One of the most widely consumed foods in the world is bread. It has been a key sustenance for thousands of years. Although initially made in unleavened form, the modern form of bread was an accidental discovery; the first leavened version was an outcome of some passing yeast making a home in a bowl of dough.
Since that discovery, both bread and technology have come a long way and continue to morph, but it’s only now where technology can really start to unravel the mysteries of the interactions between chemistry, biology and physics as the food product makes its way to our homes.
Food producers are striving for increased productivity, efficiency and agility as the consumer demands for affordable and ever-increasing novel foods and packaging formats. But the achilles heel for many companies is coping with the interaction between the sciences causing unpredictable variability across the supply chain from Farm to Fork. Large volumes of food and drink production carried out in factories face challenges including the variability of the ingredients, the changing environmental conditions and the manufacturing processes. However, technology is increasingly providing solutions which at one point in time seemed insurmountable.
Predicting the impact of changes in crop yield
One of the unpredictable variables that affect the food industry is the raw natural ingredient like the crop which may have been affected by drought, floods or other furies of nature.
Also changes in raw material supplier can impact the final product and if these changes aren’t tracked or predicted, they otherwise go undetected. This traceability is important for the purpose of knowing how variations of crop could react differently in production. It allows manufacturers to factor these changes but increasingly to have detailed information on provenance of product and its ingredients builds consumer confidence.
Many new technologies come to the rescue. They help to get to an ideal point where variability can be tracked, predicted and then adapted to production. For example, with Siemens MindSphere, a cloud based open IoT operating system, farmers can collect data over a period of time and, using artificial intelligence (AI), process and analyse this data to find solutions to enhance the crop yield. The analysis allows farmers to use measures to manage several factors, such as soil management and ‘run-off’, which refers to rainfall that does not soak into the ground or flows into a drain or watercourse.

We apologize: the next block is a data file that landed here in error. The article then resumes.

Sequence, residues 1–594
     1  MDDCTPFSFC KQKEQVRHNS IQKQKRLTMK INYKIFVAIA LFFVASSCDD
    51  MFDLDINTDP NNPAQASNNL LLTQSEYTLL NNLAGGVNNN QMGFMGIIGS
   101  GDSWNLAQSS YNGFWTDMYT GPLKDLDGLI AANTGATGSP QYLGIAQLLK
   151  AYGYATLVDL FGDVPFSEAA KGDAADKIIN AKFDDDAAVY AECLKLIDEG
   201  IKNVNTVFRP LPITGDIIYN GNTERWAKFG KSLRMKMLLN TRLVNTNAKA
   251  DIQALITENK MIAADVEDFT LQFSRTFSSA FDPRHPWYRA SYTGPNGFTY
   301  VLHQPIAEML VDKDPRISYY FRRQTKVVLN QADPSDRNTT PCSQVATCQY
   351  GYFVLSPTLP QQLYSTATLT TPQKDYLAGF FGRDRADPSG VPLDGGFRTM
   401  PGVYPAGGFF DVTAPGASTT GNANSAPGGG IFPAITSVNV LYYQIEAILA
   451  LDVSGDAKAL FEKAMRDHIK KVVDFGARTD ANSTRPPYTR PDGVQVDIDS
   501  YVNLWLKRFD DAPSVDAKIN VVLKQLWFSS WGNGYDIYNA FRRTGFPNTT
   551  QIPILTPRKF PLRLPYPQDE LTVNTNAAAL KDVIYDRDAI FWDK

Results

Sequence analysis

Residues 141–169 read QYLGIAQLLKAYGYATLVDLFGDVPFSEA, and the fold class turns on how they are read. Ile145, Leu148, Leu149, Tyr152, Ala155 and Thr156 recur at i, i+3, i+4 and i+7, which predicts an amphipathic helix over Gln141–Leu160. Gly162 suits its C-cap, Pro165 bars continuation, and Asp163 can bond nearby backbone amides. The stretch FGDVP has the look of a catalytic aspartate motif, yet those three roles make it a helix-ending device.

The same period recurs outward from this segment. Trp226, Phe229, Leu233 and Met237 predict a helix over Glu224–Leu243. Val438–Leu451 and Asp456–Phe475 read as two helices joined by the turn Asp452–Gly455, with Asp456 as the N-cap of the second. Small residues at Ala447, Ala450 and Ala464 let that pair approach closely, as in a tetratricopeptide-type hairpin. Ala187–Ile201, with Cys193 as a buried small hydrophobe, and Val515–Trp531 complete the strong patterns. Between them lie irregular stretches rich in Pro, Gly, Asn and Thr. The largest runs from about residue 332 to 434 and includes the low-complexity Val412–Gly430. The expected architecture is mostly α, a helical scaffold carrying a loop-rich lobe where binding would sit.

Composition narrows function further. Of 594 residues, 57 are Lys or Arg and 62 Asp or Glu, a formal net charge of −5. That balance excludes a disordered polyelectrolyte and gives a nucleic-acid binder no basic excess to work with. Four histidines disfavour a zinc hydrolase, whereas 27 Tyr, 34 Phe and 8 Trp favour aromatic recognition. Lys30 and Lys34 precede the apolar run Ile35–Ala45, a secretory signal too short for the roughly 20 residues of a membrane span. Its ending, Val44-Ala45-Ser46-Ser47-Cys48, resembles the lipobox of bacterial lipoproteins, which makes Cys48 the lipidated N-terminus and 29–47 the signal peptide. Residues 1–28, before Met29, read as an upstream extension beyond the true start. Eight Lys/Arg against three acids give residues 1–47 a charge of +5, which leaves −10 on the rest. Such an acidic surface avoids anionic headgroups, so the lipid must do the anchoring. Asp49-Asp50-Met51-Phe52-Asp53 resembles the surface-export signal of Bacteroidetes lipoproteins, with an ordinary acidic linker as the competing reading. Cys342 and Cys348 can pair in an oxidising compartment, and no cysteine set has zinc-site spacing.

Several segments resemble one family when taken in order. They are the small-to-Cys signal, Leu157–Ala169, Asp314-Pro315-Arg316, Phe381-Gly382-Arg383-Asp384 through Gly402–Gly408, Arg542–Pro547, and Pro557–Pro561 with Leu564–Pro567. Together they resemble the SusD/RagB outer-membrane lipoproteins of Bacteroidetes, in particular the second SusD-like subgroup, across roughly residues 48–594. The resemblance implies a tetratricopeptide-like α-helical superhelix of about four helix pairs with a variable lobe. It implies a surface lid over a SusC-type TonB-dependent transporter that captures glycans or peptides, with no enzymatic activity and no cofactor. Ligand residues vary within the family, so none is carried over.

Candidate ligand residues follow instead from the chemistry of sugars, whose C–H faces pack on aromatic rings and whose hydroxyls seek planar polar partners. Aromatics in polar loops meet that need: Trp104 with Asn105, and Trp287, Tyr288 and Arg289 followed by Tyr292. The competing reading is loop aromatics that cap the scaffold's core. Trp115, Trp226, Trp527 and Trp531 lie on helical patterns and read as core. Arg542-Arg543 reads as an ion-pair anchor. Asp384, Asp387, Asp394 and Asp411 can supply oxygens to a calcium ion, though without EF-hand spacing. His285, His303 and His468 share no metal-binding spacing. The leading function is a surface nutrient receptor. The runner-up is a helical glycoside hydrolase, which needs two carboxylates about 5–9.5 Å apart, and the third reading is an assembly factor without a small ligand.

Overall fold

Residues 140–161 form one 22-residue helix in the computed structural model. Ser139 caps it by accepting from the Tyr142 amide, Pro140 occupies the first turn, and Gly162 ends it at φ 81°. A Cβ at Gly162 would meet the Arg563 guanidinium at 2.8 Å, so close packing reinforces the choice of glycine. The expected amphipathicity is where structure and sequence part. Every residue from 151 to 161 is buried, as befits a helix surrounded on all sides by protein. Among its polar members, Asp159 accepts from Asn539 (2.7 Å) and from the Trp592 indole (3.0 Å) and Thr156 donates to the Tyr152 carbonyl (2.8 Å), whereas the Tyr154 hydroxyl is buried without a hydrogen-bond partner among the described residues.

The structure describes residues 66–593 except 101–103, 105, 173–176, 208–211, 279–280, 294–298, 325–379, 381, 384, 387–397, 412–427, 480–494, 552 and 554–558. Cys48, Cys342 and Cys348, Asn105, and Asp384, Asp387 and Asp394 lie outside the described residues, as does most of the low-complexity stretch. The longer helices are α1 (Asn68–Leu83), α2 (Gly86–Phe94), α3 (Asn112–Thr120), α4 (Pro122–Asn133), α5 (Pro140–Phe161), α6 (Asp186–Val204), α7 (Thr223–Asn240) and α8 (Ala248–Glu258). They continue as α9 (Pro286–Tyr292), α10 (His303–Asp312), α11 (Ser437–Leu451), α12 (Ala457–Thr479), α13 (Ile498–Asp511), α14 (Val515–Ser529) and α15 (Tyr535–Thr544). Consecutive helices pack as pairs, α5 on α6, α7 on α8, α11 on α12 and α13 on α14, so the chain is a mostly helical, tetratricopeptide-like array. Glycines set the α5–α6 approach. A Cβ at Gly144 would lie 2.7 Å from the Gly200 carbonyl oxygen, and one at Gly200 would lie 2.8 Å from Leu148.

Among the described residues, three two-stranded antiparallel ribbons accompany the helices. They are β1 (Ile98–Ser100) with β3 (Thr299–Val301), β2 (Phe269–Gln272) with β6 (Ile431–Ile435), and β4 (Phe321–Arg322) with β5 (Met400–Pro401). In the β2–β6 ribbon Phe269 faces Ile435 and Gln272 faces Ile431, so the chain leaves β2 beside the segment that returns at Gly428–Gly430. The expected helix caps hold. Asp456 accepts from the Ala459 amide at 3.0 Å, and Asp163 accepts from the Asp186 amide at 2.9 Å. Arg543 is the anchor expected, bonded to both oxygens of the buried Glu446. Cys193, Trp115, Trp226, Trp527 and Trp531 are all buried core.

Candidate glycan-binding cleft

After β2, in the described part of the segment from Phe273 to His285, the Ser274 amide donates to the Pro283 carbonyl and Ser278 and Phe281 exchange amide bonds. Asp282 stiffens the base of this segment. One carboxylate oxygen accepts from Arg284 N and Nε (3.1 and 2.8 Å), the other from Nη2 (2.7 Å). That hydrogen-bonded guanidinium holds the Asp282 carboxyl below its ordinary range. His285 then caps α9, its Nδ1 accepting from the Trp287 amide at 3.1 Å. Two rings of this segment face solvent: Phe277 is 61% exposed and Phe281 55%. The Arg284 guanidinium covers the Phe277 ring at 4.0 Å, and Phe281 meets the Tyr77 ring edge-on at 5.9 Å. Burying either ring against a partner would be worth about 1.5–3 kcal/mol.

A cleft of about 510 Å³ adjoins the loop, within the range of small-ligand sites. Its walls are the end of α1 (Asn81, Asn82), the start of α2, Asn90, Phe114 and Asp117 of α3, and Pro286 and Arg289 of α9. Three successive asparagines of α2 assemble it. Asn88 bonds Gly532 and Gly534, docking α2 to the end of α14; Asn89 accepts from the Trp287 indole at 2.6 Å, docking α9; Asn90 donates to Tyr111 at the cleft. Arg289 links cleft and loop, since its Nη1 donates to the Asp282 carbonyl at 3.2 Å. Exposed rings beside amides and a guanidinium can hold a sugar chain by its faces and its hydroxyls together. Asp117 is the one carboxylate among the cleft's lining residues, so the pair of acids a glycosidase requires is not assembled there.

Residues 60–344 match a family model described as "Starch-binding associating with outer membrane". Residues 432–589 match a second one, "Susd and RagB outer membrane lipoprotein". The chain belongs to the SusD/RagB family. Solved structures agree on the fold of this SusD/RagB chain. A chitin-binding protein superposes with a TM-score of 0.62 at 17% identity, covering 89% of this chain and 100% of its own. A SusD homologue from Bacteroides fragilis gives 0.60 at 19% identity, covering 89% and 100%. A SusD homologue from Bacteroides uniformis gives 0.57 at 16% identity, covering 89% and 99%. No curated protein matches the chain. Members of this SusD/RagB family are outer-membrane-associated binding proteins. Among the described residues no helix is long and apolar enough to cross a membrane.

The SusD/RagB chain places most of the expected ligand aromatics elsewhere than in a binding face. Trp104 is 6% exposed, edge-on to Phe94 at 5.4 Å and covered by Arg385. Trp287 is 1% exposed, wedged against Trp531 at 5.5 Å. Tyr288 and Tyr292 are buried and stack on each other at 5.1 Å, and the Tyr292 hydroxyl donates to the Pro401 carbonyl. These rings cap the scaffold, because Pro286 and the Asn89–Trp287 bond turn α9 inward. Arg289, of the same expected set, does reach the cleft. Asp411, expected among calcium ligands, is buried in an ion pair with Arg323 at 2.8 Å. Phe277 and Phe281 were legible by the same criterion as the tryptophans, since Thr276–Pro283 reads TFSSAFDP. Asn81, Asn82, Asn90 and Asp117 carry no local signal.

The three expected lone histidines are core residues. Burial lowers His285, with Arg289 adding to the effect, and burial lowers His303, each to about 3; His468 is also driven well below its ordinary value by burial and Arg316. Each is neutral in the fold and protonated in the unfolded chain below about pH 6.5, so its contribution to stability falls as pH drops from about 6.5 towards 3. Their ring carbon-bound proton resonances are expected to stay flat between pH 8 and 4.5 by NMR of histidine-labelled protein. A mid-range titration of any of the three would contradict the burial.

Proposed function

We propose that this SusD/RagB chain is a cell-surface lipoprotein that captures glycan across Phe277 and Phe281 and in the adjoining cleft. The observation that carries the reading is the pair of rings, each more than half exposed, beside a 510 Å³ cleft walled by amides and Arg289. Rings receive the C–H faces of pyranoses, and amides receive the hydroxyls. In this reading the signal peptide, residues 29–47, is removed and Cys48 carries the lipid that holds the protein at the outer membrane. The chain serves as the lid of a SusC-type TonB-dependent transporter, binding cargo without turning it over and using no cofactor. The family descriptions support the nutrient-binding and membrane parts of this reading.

The most advanced technologies are seen in a factory which also extend to the value chain. Having traceability and visibility throughout the life cycle has an impact on food production. From design to fulfilment all processes can be digitalised and automated to suit the needs of the product lifecycle. Having a digital thread throughout the process allows manufacturers to predict the variability and adapt production accordingly.
Siemens’ technologies are designed to help optimise production using total integrated automation in the food production industry. Not many factories are automated to the levels required for optimum performance; and even if they are, it is only partial automation. The common denominator is a lack of connectivity across the production line which inhibits real time data flow and accurate recording and visualisation of efficiency. Understanding the performance of business is the first phase of the continuous improvement process and vision of the factory. This lack of connected factory vision does not trigger the maximum returns on investment (ROI). The ideal approach is to take a bird’s eye view of the whole production unit and derive the connected factory vision. Point solutions around process automation or machinery upgrades would then follow the integration strategy. This upgrade process is an essential part of the strategic vision, but alongside the traditional means of CapEx there are other methods of deploying new automation without huge capital investment.
With digitalisation come different business models such as pay per use – based on outcomes and performance contracts. The breadth of Siemens technology lends itself to these different forms of business models and this can be used to accelerate the deployment of technology and business improvement vision allowing for investment funds to be focused across the business without holding back on production improvement initiatives.
A great example is TrakRap, a retail packaging solutions provider. They decided to develop machines for consumer-packaged goods sector, but their new business model was going to be on a pay-per-use basis. To run the business based on this new model they had to develop a machine that was highly reliable and self-adaptive to cope with the varying atmospherics conditions. The new machine was originally designed to wrap aerosol canisters. This was a collaborative project with several partners, including The Manufacturing Technology Centre (MTC) in Coventry. Siemens technology was used to virtually develop, test and commission the machine, using a ‘digital twin’; a fully functioning 3D computer model.